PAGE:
"Wait, sir?" faltered Mrs. Darracott.
"Yes, wait!" he repeated impatiently. "Sit down! I have something to say to you!"
She sank back on to her chair, looking at once bewildered and apprehensive. Anthea, who had risen with her, remained standing, her head turned towards her grandfather, her brows a little raised. He paid no heed to her; his eyes were on the two footmen, and it was not until they had left the room that he spoke again. So forbidding was his expression that Mrs. Darra-cott, in growing trepidation, began to search wildly in her mind for some forgotten error of omission or commission. Cholla-combe softly shut the door on the heels of his subordinates, and picked up the port decanter from the sideboard; he perceived that his master's hands were clenching and unclenching on the arms of his chair, and his heart sank: there had been a storm brewing all day, and it was going to burst now over their heads.
But when my lord again spoke it was as though it cost him an effort. He said: "You will be good enough, Elvira, to inform Flitwick that I expect my son and his family here tomorrow. Make what arrangements you choose!"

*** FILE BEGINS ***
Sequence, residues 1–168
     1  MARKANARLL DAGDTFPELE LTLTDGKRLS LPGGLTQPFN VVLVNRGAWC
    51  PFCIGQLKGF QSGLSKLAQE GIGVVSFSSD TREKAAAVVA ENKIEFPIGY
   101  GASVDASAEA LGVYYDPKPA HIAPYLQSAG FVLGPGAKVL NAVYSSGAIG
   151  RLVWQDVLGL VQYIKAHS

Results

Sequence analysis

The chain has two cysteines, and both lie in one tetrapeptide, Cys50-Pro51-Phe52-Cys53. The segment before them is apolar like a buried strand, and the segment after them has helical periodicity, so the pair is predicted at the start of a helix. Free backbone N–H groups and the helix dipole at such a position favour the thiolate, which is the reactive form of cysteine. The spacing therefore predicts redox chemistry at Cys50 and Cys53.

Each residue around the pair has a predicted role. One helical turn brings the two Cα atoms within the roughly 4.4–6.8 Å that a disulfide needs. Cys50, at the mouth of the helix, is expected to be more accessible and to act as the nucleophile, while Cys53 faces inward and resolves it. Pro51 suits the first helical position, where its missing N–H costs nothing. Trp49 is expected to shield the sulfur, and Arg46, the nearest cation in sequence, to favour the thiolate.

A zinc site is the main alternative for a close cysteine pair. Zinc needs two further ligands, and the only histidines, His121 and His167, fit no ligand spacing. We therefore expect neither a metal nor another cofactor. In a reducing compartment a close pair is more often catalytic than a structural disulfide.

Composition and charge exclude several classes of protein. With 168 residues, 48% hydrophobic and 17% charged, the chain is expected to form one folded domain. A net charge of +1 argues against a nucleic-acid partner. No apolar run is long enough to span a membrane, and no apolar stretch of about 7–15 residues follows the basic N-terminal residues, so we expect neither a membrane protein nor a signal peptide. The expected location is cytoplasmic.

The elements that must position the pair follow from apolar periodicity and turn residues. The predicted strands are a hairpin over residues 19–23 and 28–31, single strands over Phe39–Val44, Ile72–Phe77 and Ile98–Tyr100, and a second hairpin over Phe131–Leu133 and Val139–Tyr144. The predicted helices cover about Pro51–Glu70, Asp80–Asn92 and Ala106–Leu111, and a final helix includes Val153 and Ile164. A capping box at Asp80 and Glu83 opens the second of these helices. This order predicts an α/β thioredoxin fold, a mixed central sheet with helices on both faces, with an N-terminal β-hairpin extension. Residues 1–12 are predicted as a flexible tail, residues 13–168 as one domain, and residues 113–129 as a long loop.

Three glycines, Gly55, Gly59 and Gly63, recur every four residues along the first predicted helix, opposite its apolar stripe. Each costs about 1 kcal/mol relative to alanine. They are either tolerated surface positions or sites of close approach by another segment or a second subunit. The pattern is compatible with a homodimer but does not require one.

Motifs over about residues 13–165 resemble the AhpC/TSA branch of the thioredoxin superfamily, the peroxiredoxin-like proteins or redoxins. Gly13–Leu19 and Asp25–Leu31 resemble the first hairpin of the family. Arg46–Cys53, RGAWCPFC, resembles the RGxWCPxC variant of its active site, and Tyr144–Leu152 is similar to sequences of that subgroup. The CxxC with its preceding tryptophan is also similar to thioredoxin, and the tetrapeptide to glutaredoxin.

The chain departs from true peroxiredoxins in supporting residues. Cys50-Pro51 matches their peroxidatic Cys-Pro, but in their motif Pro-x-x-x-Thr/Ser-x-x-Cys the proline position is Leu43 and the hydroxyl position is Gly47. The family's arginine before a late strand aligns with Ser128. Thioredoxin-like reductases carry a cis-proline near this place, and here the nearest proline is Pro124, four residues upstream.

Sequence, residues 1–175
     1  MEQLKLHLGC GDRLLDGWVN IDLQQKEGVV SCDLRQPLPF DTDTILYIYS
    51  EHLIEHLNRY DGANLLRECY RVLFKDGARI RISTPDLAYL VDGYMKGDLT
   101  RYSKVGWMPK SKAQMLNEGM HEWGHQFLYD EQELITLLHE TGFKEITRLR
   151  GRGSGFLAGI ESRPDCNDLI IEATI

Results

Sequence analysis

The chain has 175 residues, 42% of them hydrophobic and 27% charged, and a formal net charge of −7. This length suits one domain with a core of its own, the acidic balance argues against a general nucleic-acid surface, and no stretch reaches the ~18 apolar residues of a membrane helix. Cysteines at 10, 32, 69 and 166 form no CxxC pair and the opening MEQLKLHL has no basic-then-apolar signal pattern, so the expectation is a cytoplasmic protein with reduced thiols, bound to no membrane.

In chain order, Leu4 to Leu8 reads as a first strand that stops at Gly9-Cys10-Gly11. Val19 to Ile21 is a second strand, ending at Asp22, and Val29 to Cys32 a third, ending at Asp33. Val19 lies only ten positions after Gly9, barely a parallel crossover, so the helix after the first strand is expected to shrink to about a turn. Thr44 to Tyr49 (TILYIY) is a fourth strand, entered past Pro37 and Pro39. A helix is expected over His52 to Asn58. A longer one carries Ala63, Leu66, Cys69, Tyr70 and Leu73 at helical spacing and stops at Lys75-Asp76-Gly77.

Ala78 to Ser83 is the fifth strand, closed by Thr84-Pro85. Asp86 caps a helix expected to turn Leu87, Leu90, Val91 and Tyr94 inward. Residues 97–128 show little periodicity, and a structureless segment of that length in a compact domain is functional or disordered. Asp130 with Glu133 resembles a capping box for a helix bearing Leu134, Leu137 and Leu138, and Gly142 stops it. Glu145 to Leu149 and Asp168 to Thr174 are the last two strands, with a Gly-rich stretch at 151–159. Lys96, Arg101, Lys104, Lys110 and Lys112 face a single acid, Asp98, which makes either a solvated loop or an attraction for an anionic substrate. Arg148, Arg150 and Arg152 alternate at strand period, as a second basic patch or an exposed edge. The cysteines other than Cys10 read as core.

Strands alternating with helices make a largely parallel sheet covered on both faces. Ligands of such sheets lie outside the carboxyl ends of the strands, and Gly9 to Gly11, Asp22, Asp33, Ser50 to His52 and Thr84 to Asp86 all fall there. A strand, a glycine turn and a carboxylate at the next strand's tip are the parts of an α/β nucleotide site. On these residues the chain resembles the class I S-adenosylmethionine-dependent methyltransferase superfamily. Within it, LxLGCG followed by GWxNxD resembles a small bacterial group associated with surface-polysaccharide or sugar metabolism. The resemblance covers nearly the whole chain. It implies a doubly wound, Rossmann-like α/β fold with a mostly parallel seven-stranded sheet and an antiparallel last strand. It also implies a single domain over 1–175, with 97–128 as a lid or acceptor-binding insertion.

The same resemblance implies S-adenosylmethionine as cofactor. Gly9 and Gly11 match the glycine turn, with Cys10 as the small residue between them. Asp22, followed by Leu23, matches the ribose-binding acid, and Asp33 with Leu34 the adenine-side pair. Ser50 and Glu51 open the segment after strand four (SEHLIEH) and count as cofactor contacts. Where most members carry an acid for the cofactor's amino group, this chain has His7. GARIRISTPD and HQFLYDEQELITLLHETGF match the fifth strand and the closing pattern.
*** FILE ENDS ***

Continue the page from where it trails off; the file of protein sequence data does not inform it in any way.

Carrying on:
She was so much surprised that she was betrayed into uttering an unwise exclamation. "Good gracious! Is that all? But what in the world I mean, I hadn't the least notion"
"What brings them here, sir?" asked Anthea, intervening to draw her grandfather's fire.
He looked for a moment as though he were about to utter one of his rough snubs, but after a slight pause he answered her. "They are coming because I've sent for them, miss!" He paused again, and then said: "You may as well know now as later! I've sent for my heir as well."
At these bitterly uttered words Chollacombe nearly dropped the decanter.
"Sent for your heir as well?" repeated Richmond. "But my uncle Matthew is your heir, Grandfatherisn't he?"
"Then who is, sir?" demanded Anthea.
"A weaver's brat!" he replied, his voice vibrant with loathing.
"Oh, dear!" said Mrs. Darracott, breaking the stunned silence that succeeded his lordship's announcement.
The hopeless inadequacy of this exclamation dragged a choke of laughter out of Anthea, but it caused his lordship's smouldering fury to flare up. "Is that all you have to say? Is that all, woman? You are a wet-goosea widgeonatake yourself off, and your daughter with you! Go and chatter, and marvel, and bless yourselves, but keep out of my sight and hearing! By God, I don't know how I bear with you!"